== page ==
“Oh,” murmured Lutie, subdued for the moment; but she recovered as she went down the walk. “Oh, good-bye,” she gushed; “let me know when it is to be, and I will dance at your wedding.”
“Anne,” said Judy, darkly, as the high heels tilted down the beach, and the feathers of the big hat fluttered in the breeze, “Anne, she hasn’t talked a thing to-day but boys—and she reads the silliest books and writes the silliest poetry, about flaming hearts and Cupid’s darts. Oh,” and Judy stretched out her arms in a tense movement, “I don’t want to grow up—I want to stay a little girl as long as I can and not think about lovers or getting married, or—or—anything—”
“You are lover enough for me,” said Anne.
“And you for me,” said Judy.
And arm in arm they went into the house. But as they went through the darkening hall, Anne clung tightly to Judy.
“Wouldn’t it be dreadful, Judy, if burglars should come here,” she quavered.
But Judy laughed. “I think it would be fun,” she jested. “Bring on your burglars, Anne. I’m dying for excitement, as Lutie Barton would say.” And then she touched a button, and the lights flared up, chasing away the shadows, and chasing away with them, for the moment, the fears of little Anne.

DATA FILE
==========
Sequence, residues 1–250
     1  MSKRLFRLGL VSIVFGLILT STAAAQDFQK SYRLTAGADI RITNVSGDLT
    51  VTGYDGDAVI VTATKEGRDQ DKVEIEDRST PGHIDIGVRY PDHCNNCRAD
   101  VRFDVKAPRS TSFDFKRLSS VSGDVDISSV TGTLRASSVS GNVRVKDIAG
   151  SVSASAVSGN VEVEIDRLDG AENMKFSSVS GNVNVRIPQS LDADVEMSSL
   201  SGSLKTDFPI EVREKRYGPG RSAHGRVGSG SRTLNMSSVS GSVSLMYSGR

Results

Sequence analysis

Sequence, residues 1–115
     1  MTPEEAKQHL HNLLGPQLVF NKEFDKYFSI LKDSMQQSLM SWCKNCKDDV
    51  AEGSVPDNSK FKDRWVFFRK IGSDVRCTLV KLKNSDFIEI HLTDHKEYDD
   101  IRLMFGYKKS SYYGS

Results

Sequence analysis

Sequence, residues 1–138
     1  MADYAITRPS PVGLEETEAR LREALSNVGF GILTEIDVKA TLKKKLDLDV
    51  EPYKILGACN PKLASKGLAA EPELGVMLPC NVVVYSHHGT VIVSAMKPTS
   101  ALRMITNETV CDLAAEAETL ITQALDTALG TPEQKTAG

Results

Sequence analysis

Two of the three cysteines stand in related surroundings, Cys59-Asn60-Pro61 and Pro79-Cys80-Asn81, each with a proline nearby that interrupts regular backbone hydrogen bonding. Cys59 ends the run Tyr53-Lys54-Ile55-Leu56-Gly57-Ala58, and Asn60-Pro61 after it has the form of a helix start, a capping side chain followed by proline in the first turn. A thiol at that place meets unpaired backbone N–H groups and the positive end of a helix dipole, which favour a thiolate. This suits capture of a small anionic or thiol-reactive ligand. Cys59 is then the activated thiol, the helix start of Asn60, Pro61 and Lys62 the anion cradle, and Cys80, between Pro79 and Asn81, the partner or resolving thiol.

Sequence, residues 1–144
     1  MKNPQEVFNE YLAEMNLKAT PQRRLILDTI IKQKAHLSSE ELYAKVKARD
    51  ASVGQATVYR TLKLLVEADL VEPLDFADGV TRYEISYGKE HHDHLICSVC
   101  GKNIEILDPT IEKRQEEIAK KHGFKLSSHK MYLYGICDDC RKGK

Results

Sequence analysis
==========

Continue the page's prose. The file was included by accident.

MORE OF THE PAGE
ANNE HEARS A BURGLAR
Anne was wakened that night by a sense of utter loneliness.
“Judy,” she called, softly.
Anne reached over and found that the covers of the little white bed that stood beside her own had not been disturbed.
“She hasn’t come up-stairs,” thought Anne, who had left Judy reading in the library when she went to bed.
There was no light in the room, and as little Anne lay there, trembling and listening, her breath came quickly, for she was a timid little soul, and the talk of burglars that day had upset her; and without the wind howled, and within the house was very, very still.
At last she heard a sound. “She’s coming,” she thought, thankfully, but all at once she became conscious that the sound was not in the upper hall, but down-stairs on the porch.
There was the quick patter of little feet, and then an appealing whine.
“Why, it’s a dog,” said Anne, sitting up straight, “It’s a dog.”
She got up and looked out of the window. A little short-eared, stubby-tailed Boston terrier was running back and forth on the sand, anxiously.
Anne was a tender-hearted lover of animals, and his apparent distress appealed to her.
“I’ll go down and see what’s the matter with him,” she decided, thrusting her feet into her slippers and tying the ribbons of her pink dressing-gown.
She flew down the long dark hall to the top of the steps that led below, and there she stopped still, with her hand on her heart.